Half of small businesses are struggling with pension rules


The research by the Federation for Small Businesses (FSB) has found that nearly half of SMEs do not completely understand how to implement workplace pension schemes while 76% said auto-enrolment will place "too much" pressure on their businesses.

Over the next two years more than a million small and micro businesses will need to set up a workplace pension for their employees under the Government’s automatic enrolment rules. January sees the number of employers reaching their designated staging date – the date on which they need to start complying with auto-enrolment – rapidly ramp up with tens of thousands ‘staging’ each month in 2016 and 2017. 

Jonathan Russell, partner at UK200Group member firm ReesRussell, said:

Auto-enrolment is a huge problem for many small businesses, not simply because many small businesses do not have the time, skills or finance available So far, it has generally been larger business which have had staging dates and with larger businesses not only do we have more internal resource but frequently more structured payrolls. Smaller businesses often have very varied ways within the same business of paying people; a problem which was never recognised even with Real Time Information (RTI) and even now some businesses have problems with that.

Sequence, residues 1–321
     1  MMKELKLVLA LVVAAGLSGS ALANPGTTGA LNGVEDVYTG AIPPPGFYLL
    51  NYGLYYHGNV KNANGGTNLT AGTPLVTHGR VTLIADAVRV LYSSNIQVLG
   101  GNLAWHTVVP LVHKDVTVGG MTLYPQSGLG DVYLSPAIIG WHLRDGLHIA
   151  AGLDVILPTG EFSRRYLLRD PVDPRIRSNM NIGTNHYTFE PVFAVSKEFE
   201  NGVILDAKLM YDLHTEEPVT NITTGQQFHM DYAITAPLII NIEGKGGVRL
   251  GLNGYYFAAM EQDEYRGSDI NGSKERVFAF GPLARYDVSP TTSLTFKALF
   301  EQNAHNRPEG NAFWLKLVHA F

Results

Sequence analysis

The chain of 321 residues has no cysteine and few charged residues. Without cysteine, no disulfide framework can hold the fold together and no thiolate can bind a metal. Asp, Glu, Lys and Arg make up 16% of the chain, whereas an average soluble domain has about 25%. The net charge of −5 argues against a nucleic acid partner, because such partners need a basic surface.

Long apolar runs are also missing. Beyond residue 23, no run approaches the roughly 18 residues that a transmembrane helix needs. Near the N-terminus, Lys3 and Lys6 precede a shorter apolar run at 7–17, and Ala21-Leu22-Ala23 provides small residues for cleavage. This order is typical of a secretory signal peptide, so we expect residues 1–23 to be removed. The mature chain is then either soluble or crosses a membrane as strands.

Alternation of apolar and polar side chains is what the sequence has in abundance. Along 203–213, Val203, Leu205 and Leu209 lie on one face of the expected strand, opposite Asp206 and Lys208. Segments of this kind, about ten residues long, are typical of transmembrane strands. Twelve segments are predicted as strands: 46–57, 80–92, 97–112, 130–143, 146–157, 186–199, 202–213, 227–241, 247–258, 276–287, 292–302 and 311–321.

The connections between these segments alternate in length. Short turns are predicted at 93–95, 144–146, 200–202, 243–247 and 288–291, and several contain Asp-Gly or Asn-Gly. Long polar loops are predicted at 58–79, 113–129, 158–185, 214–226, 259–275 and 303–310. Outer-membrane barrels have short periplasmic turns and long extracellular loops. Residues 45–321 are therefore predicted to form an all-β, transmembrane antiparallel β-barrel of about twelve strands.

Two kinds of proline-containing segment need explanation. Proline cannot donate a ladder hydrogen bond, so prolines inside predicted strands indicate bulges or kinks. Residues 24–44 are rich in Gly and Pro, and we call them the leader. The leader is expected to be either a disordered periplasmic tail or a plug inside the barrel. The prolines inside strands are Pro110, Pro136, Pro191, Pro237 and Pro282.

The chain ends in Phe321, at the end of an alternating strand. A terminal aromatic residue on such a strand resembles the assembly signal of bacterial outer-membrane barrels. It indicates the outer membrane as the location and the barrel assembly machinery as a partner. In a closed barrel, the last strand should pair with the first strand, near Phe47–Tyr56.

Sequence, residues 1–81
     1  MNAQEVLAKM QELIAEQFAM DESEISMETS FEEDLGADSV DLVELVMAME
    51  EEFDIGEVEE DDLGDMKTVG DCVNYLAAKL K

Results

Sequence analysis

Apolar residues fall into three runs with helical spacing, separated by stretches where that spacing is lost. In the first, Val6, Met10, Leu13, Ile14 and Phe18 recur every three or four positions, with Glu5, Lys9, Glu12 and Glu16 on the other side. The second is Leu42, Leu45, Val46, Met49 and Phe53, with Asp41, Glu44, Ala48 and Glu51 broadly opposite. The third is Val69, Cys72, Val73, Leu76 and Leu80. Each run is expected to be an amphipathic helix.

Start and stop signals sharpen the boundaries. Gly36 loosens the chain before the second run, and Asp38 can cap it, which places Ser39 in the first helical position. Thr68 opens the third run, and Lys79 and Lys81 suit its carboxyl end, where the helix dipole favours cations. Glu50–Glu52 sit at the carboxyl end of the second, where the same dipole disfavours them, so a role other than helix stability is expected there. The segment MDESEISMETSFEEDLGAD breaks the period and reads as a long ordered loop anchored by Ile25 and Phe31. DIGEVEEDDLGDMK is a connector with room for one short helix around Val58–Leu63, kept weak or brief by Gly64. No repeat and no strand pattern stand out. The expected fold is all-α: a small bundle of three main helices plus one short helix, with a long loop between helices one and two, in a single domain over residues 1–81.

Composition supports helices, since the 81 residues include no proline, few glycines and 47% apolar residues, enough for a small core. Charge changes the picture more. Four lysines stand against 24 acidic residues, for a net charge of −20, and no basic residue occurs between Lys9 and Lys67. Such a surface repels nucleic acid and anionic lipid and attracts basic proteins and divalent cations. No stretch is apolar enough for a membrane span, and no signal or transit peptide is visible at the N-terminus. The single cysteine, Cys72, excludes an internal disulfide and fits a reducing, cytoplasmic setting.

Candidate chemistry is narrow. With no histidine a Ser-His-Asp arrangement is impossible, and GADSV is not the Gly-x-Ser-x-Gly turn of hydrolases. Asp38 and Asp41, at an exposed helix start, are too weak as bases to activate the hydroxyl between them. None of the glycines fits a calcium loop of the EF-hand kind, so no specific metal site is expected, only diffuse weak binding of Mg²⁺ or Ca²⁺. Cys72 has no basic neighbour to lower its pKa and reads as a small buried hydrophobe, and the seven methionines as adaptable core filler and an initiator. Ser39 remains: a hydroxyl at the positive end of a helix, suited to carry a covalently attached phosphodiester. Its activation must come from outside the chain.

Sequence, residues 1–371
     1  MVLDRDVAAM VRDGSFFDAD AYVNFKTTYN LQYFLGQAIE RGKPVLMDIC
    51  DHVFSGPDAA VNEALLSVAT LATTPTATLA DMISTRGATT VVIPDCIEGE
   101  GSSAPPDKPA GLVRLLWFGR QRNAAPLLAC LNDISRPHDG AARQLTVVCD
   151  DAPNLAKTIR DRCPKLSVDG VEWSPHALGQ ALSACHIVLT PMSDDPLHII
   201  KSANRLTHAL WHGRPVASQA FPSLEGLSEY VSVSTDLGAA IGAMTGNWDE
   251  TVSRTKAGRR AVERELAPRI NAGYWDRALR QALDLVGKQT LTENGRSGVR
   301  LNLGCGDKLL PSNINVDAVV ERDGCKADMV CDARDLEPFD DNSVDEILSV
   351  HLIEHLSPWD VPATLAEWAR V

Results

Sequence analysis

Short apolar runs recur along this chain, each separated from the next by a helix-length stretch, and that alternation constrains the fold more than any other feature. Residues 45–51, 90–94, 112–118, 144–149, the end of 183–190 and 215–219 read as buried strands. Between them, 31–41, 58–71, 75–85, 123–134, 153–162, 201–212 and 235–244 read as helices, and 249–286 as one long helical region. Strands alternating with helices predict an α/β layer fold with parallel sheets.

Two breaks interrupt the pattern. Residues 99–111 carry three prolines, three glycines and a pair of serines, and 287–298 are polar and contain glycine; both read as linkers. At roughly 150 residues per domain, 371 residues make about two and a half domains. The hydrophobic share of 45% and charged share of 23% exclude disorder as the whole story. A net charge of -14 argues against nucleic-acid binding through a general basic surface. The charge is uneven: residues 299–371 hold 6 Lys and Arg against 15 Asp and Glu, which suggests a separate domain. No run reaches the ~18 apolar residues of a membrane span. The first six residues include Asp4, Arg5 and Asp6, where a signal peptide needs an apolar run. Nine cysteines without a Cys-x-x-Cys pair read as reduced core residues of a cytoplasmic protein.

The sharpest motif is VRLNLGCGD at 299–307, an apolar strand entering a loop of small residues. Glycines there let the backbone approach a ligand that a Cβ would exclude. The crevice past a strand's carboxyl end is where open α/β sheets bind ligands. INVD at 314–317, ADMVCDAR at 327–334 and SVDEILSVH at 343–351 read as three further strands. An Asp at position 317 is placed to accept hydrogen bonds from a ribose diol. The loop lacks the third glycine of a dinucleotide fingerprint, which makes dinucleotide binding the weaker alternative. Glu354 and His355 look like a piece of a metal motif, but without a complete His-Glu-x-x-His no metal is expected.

In addition, the Pensions Regulator is getting questions to which it does not have answers – for instance, when it comes to directors, there is no clear ruling as to what constitutes a contract of employment. There are already questions being asked and I’m sure the litigation band wagon will follow quickly behind, as to whether small employers who just opt for NEST or similar provision, are failing in their potential duty to ensure their employees are offered the most appropriate pension scheme. 

Auto-enrolment is seen by many as a government complexity to opt out of their pension responsibility and at the same time creating a cumbersome and expensive responsibility on employers. Many feel there was already a mechanism in place for collection of money, called National Insurance and it would have taken little for Government to ring fence additional contributions, which is what it failed to do back in 1946.